As informed people, news about the war was to be consumed, said the men of my family. And 'informed people' speculated about war strategies and outcomes in domestic bliss and compared current conflicts with other clashes back in History (except if you were a woman, in that case, you would, ideally, stand back and watch.) People always have opinions but they are especially eager to share them when international conflicts escalate. That was true in the pre-internet era, and it is true now. We already had the 24-hour news cycle. Social media gave us the 24-hour opinion cycle. Trigger on top of trigger, impulse on top of impulse, reaction on top of reaction.
I never owned a television myself. This was intentional. I stopped watching the news at 18 when I moved out of the familial home, preferring newspapers and magazines instead. Last week, when I visited my 91-year-old grandpa, I was alarmed to see that he watches news channels from the moment he wakes up to the moment he falls asleep. That old-school one hour of prime time has transformed into a permanent stream of horror. But it is the citizen's duty to be informed, and try to help in whatever capacity, grandpa said. My mom looked at me and whispered a whistful I wonder how he holds up. Then I thought of my own Instagram feed.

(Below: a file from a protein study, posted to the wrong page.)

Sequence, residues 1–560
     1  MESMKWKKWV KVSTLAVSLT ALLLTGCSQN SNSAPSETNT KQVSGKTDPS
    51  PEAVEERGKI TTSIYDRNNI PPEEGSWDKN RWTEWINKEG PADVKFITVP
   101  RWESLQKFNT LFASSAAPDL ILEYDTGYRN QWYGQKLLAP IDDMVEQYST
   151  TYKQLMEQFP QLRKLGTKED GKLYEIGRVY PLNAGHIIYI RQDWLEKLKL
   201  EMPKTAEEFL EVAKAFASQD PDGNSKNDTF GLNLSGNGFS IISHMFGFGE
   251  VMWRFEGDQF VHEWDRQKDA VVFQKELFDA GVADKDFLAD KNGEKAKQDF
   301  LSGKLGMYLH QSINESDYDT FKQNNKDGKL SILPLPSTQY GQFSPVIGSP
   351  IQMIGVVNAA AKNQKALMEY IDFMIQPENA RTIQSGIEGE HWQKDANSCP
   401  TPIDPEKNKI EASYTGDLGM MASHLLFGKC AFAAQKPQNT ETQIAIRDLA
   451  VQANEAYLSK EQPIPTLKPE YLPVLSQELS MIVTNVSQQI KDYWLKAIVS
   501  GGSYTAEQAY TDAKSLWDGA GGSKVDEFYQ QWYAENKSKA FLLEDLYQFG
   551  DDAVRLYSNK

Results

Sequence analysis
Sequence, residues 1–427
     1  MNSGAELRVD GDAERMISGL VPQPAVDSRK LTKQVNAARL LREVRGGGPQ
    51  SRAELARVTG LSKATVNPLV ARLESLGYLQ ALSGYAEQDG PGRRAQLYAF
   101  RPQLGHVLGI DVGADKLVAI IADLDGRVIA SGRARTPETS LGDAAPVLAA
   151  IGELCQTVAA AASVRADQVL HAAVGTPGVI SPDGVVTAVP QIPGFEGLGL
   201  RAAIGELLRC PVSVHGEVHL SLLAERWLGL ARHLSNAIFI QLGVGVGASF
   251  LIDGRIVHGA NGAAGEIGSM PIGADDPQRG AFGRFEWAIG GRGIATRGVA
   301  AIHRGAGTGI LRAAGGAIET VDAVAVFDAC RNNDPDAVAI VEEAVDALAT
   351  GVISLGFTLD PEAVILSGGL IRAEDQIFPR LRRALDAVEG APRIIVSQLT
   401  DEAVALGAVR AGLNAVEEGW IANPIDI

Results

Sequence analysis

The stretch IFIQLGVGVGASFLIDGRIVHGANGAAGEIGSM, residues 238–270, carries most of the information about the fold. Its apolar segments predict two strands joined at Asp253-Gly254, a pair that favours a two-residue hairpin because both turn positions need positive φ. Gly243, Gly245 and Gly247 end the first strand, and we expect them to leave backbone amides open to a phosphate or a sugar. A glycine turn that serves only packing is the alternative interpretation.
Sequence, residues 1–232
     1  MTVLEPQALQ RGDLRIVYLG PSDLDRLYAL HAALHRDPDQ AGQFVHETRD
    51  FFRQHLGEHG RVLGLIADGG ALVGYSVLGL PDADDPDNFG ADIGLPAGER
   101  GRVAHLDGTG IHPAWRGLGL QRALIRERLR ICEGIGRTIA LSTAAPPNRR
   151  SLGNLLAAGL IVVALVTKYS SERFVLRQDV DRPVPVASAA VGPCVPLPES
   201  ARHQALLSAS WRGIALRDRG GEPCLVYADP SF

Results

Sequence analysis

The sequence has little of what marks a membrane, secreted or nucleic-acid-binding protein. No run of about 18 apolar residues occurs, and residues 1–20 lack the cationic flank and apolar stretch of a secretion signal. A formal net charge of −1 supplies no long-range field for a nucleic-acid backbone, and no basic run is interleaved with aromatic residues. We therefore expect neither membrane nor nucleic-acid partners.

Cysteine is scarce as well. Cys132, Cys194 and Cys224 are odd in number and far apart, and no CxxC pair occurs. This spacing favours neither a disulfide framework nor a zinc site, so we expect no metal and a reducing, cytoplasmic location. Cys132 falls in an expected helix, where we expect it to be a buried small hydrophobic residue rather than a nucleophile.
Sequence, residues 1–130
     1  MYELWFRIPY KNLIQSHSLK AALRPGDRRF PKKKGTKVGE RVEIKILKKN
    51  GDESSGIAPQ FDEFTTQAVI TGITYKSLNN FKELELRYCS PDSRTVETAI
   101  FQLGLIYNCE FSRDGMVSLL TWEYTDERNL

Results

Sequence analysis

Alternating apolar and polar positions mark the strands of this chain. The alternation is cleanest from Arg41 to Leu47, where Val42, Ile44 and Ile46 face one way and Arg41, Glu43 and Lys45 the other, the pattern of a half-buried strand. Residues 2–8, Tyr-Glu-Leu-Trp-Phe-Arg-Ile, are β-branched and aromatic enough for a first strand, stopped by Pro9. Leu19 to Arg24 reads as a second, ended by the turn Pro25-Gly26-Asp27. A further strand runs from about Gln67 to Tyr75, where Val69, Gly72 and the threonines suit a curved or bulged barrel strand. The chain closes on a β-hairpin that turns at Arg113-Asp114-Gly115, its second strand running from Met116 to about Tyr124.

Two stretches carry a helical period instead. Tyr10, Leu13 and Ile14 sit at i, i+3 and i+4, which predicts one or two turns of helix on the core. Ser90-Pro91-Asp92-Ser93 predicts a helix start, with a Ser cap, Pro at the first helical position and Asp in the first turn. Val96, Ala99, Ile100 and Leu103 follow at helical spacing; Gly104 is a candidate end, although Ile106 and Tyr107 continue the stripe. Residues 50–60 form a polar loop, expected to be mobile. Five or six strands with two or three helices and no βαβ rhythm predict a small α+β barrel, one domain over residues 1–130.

My perfectly curated Instagram chaos
I started following media outlets on Instagram perhaps four years ago. The New York Times, The Guardian, or the Dutch Volkskrant kept me informed about the world without much noise or overwhelm. It was also a way for me to - in the heyday of misinformation - have access to reliable sources of headlines. When Putin's war against Ukraine broke, I found social media feeds to be very helpful in triggering action, whether in the form of attending demonstrations, donating goods and/or money to organizations on the ground. I followed personal stories as well, that contrary to all the previous wars, humanized the experience of those oppressed. My feed helped me empathize too with the people who, despite belonging to the country of the oppressor, oppose this war and risk their lives taking a stance against it. They are victims, too. Just like the televised Indonesian bloodbath triggered an immense response in the youth back in the day, a spectacular wave of solidarity erupted from internet kids all around me. And it was moving.